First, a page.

FERNDALE — It’s not Ferndale High senior Wayne Williams’ only move on the mat, but when the wrestler locks his opponent in a cradle, he believes the match is all but over.
“The cradle is my signature move. I feel in complete control,” he said during a brief break in practice at Southfield High Feb. 21. “If I try it and it doesn’t work, I’ll go for something else, but nine times out of 10, it works. It feels like the match is over, and I’m just looking for the ref.”
Williams will rely on his move and others in his arsenal at the Division 2 individual state final Feb. 27 at The Palace of Auburn Hills. He qualified at 171 pounds and is 24-9 on the year.
Coach John Bassier said Williams’ style tends to be unorthodox, which works to his advantage and disadvantage at times.
“I joke with the other coaches, we’re not going to change him right now — we don’t have time,” Bassier said. “I just keep reminding him that he has to do what he does best.”
This year is Williams’ first on the varsity level. He wrestled on JV for Southfield as a sophomore before transferring to Ferndale. Last season, he didn’t wrestle.
Vernon Burden was his coach at Southfield and isn’t surprised to see him as one of the best grapplers in the state.
“You knew he had something different,” Burden said of watching Williams as a sophomore. “You see those natural hips and his throwing ability.”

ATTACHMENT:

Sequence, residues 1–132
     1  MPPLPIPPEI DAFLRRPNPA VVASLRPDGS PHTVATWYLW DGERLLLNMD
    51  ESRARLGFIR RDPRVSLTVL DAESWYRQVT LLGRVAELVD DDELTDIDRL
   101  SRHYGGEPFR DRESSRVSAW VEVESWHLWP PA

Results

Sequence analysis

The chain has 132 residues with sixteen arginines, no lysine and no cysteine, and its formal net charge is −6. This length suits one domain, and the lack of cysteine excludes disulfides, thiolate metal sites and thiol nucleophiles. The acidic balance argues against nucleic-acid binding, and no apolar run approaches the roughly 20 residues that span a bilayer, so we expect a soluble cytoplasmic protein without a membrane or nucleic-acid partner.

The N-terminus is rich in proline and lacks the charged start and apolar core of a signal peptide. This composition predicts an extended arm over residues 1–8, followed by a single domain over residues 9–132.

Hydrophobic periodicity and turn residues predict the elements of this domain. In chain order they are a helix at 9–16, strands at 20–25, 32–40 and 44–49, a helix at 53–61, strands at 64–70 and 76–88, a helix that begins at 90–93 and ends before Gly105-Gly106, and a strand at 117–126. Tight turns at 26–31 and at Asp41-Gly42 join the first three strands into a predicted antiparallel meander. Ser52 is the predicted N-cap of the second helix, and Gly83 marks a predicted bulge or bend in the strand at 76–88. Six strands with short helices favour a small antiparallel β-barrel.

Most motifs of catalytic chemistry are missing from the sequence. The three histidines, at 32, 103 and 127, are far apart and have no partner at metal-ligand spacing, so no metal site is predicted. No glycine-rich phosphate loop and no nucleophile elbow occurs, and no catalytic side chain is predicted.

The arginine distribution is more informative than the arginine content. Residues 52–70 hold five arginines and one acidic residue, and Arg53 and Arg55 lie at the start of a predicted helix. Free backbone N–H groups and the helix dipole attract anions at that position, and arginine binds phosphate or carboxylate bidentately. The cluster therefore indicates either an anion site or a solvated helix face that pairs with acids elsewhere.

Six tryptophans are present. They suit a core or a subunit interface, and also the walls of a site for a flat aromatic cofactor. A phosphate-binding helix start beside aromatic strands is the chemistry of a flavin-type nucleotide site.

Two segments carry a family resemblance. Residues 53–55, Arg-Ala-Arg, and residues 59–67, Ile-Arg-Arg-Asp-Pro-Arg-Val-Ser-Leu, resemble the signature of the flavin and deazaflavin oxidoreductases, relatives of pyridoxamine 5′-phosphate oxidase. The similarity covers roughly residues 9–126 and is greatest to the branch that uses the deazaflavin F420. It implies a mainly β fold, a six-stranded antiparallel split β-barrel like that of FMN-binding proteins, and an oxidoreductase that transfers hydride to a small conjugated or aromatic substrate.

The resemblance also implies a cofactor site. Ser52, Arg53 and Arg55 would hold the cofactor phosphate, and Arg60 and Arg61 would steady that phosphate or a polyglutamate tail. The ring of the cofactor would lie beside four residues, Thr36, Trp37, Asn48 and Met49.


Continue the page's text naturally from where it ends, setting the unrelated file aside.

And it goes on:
Though Bassier is “pleasantly surprised” Williams could make it with just one varsity year under his belt, he said his grappler isn’t satisfied with just being there.
“Some kids are excited going to the state finals, and that’s where it ends, but he wants to be All-State. If things go his way and he catches people, he could be our next All-Stater,” the coach said. “I really don’t rule Wayne out in any situation.”
Williams credited Bassier, assistant coach Mike Crossley and his dad, Wayne Williams Sr., for helping him get to where he is now.
“They’re like my backbone,” he said. “Whenever I was feeling low, they were always there to pick me up.”
Williams added that he’s going to give his best shot to get on the podium.
“I look at the regular season as one big practice. You go to practice, work on a move and then try it in a match,” Williams said. “When it gets to states, it’s time to do it. No dress rehearsals.”